Above The Clouds

It's not uncommon in the annals of smooth jazz to find longtime studio and touring musicians stepping into the spotlight and emerging as solo artists. Above The Clouds multiplies that concept fivefold, with all members of the Southern California based instrumental ensemble having mile-long resumes playing with top artists of various genres. Their self-titled Fahrenheit debut is a collective coming out party, with each member contributing to a unique vision of instrumental music which is best described as pop-fusion for the new millenium.

One look at the individual musical experiences of each merriber and it's clear why the writing, production and musicianship on Above The Clouds are so exceptional. Bassist and producer Vernon Porter has played with Kenny Loggins, Bette Midler and Dave Mason, as well as the seminal 70's fusion outfit the Larsen-Feiten band. He also lived in Austin, Texas for many years, where he became one of the city's top independent producers. Saxophonist and flutist Vince Denham ' has toured and recorded with singer Michael McDonald for 15 years, and is also well known for his associations with Al Jarreau, Les McCann, KennyLoggins (though in a different band than Porter's) and John Tesh.

Todd Robinson's rock resume stretches back to John Lennon's mid-70s classic Rock & Roll album, and he's also done serious time with David Benoit, Etta James, and Vince Gill. Keyboardist Karen Hammack has a similarly cross-genre background, playing behind 70's divas like Melissa Manchester as well as smooth jazz saxman Eric Marienthal. Finally, drummer and percussionist Kendall Kay has played with everyone from Phil Upchurch and Bette Midler to Clint Eastwood's son Kyle. Though legendary percussionist Lenny Castro is not an official member of Above The Clouds, his rhythmic contributions to the project are unmistakable.

While various pairings of different ATC band members have occurred over the past twenty years as each made their sideperson and club gig rounds, the concept for the group officially began when Porter, Hammack and Robinson joined forces as the backing band for famed flutist (and fellow Fahrenheit artist) Tim Weisberg's tours in 1997 and 1998. The three had spent some off time writing new material with no clear cut goal in mind, but realized they might have something special when Weisberg's manager, Jonathan Little, pointed out that promoters and press around the country were highly praising their tight ensemble work. Little suggested that the three form their own band, and, Porter called longtime friends and colleagues Denham and Kay to round out the ensemble.''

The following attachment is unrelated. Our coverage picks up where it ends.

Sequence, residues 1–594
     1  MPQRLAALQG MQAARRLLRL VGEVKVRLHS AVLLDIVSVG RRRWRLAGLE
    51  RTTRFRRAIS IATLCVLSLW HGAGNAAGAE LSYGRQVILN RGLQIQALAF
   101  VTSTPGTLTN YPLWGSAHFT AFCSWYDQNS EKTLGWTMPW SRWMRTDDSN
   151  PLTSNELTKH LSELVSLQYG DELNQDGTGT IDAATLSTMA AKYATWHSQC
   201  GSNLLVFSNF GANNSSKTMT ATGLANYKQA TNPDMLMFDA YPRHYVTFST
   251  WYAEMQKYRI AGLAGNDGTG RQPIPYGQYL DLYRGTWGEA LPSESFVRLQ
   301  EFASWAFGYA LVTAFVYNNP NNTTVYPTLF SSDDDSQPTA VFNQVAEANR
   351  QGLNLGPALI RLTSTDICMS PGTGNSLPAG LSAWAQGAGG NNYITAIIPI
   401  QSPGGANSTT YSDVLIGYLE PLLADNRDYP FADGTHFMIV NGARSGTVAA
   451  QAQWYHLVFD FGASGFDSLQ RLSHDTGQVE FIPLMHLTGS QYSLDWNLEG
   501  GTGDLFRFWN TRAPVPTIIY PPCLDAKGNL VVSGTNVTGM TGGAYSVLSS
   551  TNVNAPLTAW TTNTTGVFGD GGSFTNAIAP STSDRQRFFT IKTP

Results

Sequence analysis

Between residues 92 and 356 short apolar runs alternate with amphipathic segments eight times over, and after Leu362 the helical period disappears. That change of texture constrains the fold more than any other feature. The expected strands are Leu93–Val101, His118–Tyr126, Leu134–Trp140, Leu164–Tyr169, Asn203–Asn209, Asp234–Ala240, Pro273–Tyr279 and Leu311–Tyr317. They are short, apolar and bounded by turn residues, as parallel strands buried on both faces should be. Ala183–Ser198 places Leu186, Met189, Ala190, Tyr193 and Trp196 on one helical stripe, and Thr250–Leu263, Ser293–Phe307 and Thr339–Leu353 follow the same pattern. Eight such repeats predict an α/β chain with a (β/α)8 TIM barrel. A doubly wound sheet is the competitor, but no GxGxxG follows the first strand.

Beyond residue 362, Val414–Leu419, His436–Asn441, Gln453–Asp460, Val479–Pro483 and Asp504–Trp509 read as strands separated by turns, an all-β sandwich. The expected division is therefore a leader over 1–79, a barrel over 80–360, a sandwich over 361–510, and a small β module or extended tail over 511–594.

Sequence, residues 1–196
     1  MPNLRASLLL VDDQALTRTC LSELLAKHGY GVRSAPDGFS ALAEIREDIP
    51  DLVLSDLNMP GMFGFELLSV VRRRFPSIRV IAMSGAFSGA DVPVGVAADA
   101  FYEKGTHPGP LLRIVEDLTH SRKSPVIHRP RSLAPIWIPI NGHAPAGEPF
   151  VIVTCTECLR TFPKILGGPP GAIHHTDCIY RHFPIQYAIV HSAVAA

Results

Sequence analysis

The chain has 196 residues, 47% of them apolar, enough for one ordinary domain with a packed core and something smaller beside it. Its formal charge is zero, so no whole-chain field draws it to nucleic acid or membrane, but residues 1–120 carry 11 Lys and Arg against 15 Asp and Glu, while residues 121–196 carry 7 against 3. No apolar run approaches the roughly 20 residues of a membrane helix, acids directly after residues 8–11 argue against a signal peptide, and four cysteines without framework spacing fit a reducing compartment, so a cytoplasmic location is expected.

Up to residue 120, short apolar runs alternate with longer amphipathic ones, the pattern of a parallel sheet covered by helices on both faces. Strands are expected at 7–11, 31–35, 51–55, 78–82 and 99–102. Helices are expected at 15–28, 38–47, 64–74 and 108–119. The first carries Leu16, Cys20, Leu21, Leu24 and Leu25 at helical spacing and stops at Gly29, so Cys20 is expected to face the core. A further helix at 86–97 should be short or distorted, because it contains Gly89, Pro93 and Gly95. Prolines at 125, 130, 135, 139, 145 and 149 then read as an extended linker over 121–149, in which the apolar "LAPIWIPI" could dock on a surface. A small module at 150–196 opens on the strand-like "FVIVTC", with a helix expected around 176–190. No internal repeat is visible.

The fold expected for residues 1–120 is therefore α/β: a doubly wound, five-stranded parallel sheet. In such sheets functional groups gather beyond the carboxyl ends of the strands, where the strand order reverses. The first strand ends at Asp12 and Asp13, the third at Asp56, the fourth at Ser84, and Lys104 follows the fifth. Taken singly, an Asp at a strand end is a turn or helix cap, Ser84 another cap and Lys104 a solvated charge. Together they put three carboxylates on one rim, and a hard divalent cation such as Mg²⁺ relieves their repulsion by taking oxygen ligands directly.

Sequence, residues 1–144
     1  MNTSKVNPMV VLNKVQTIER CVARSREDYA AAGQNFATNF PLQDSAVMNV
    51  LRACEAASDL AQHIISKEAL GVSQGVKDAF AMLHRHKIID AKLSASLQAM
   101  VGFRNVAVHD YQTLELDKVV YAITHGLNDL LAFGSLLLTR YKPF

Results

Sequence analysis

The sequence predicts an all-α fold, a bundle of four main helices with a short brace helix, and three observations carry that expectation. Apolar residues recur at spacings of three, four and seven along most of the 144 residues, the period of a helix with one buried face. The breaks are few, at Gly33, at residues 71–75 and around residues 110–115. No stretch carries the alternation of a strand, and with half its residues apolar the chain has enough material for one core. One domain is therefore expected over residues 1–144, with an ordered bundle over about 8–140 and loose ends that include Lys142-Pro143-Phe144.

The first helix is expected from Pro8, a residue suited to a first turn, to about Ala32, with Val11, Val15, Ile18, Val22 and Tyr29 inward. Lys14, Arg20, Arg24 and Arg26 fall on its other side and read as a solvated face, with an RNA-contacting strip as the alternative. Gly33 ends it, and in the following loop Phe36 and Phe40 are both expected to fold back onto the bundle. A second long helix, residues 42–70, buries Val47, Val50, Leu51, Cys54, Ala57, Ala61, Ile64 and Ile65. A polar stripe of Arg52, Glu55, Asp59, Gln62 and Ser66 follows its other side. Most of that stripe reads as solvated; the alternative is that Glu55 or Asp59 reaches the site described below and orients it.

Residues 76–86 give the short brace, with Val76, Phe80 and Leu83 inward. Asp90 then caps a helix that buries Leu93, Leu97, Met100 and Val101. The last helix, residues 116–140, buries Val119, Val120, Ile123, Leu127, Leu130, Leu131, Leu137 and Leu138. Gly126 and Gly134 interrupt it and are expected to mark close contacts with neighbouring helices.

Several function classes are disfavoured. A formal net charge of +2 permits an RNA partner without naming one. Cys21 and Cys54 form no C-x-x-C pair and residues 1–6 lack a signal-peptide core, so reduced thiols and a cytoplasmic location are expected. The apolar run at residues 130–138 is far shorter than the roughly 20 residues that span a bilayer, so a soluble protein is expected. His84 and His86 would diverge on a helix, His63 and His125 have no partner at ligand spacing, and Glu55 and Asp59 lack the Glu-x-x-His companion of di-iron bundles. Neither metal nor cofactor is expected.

"To everyone involved, the creation of Above The Clouds was simply taking the mutual respect and friendship we had to the next level," says Porter. "We were obviously conscious of the smooth jazz radio market, but decided to write and record music without any specific original parameters, using our great natural chemistry as a launching pad for new ideas to take shape. Our only goal was to write good material with integrity, and then hope that people would appreciate it."

Porter adds that he's most proud of the organic, live ensemble nature of the 12-track recording, which the band created live in the studio in only 4 days. "These days, its so easy for new artists to do everything electronically, but we all came of age in the jazz fusion era when live interaction was sacred," he says. "That meant that drum machines and the like were a definite no-no. On the other hand, our love for pop music helped us not create an all-out fusion record. While we obviously wanted to stretch out from our usual roles as supporting players, we also wanted to make music that was accessible to people. So there was a framework, but we wouldn't compromise. It makes for a delicate balance."

Above The Clouds begins with "in a Dream," a supermelodic, mid-tempo funk jam featuring Denham's robust sax rising above Porter's simmering bass grooves. "Philadelphia" has a bold, strutting attitude which captures the vibe of the city, its intense grooves laying a foundation for a sharp duality between sax and electric guitar. The title track is a wistful slice of pop-jazz heaven; cool and atmospheric, highlighting Denham's graceful soprano sax passion. "Groove This" and "Inside Out" reflect the kind of intensity Porter was talking about, aggressive and percussive sessions which, despite their wild abandon, never lose sight of a strong melody. After the lush spirituality of "Call Your Name" (which Porter wrote originally as a worship tune), the optimistic, uptempo perks of "Vista Corona" give Denham a chance to engage in the kind of flute playing that would do Weisberg proud. "Close To You" and "Can You Keep a